Why I Didn’t Watch War Room (And Why You Don’t Have To Either)

Maybe I’m the only one who feels this way, but has anyone else ever gone to go see a Christian film in theaters simply because it was Christian?  Or overlooked its flaws, plot holes, bad writing, poor humor and stiff acting for the same reason?  Or recommended it to other Christians just because it’s a film about Christianity?

Maybe I’m the only one…but I don’t think I am.

Forgive me (truly) if I step on your toes during this post.  Maybe you genuinely enjoy films in the traditional Christian genre.  Maybe you are in the camp of “support the genre until the films get better”.  Or maybe you feel that Christians should stand behind other believers in any realm of art.  My aim is not to bash fellow Christians, film makers or not – my goal is simply to challenge them to step up to the plate both in creating and in viewing films.

Ever since Facing the Giants, Christian directors have been fighting for a Christian foothold in Hollywood.  Films by the Kendrick brothers (Facing the Giants, Fireproof, Courageous, War Room) dominate the tiny, growing genre, as well as movies like Beyond the Mask, God’s Not Dead and The Secrets of Jonathan Sperry.  These movies are typically low budget, have a strong Christian message (or messages), are conservative, moral and very clean.  Churches and youth groups across the country promote these films, excited that we Christians are gaining ground in the movie industry.

But are we?

Compared to other Christian films throughout the years (whether dark and disturbing like To Save a Life or Faith Like Potatoes, or just plain cheesy like the Left Behind series or Time Changer) the Kendrick brothers’ films seemed well-made, and were encouraging to boot.  They’re family friendly.  Christians know that they can bring even small children in to the theater and not be afraid of any negative material frightening the children.  And if there is any negative material (bad guys, scary situations), parents know that it will always be redeemed in the end.  So what if the movie is cheesy and badly written, with unbelievable situations and wooden characters?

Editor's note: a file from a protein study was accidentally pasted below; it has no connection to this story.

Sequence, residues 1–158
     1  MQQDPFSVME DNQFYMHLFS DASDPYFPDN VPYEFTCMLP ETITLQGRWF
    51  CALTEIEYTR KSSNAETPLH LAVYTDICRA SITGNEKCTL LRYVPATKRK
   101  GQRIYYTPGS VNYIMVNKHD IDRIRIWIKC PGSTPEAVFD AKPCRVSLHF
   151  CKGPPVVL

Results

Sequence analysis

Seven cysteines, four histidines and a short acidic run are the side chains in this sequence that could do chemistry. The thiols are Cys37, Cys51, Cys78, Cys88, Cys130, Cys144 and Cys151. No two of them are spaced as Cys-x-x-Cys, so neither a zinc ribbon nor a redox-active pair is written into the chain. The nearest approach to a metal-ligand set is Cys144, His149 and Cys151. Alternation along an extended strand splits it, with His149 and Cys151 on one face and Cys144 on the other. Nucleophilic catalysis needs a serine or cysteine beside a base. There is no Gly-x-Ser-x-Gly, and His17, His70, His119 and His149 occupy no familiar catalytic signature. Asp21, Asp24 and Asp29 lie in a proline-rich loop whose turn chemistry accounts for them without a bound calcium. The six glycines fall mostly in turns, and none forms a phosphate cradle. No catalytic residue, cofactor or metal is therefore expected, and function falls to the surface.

The Secrets of Jonathan Sperry doesn't have anything going for it other than a clear portrayal of the gospel message.

The Secrets of Jonathan Sperry doesn’t have anything going for it other than a clear portrayal of the Gospel.

Parents in general (and Christians in particular) will always want clean, conservative films for their families.  But do we really have to sacrifice quality for purity?  Think about it – shouldn’t the two go together?  (Read: most Pixar films.)  Why is it either quality or purity?  When else do we go pay good money to see a low-budget, badly-written, preachy, wooden film just because it’s clean?  Even if it’s better than the other low-budget, badly-written, preachy, wooden films in its genre?  In every other genre in Hollywood, most audiences demand quality, believability, originality and entertainment when they go to the theater.  So why are Christians settling?

Courageous's actual film quality is higher than the Kendrick brothers' previous films, but is severely predictable and cliched, with poor acting.

Courageous’s actual film quality is higher than the Kendrick brothers’ previous films, but is severely predictable and cliched, with poor acting.

I don’t know about everyone, but I know that for me, it was almost exclusively guilt.  Part of me (even when I was a child, watching Facing the Giants for the first time) recognized the cheese, the poor film quality and bad acting.  The other part of me (and I really don’t think I’m alone here) felt like I had to like the film because…well…well, because it was Christian for Pete’s sake!  Who wants to be the one person in the movie theater (which is filled almost exclusively with Christians) who laughs at a campy scene or doesn’t applaud at the end?  Even in recent years, I excused all sorts of low-quality Christian films because they were at least better than their predecessors, and hey, they had a good message.  I had two sets of movie standards – “regular movie” standards and “Christian movie” standards.  (I’ll let you figure out which standard was higher.)

Recently though, I’ve decided to chuck the “Christian movie” standard and just have standards.  Moral standards, cinematography standards, script standards, acting standards and most importantly, story standards.  I never hesitated for a moment to minutely dissect a mainstream movie – to discuss and argue and logically tear it apart on the way home from the movie theater.  If I pushed against it from every angle and it still stood, then it was a keeper. But I never did the same with any of the Christian films I watched – nor did any of my friends.  I (we) never discussed, dissected or criticized.  We simply affirmed.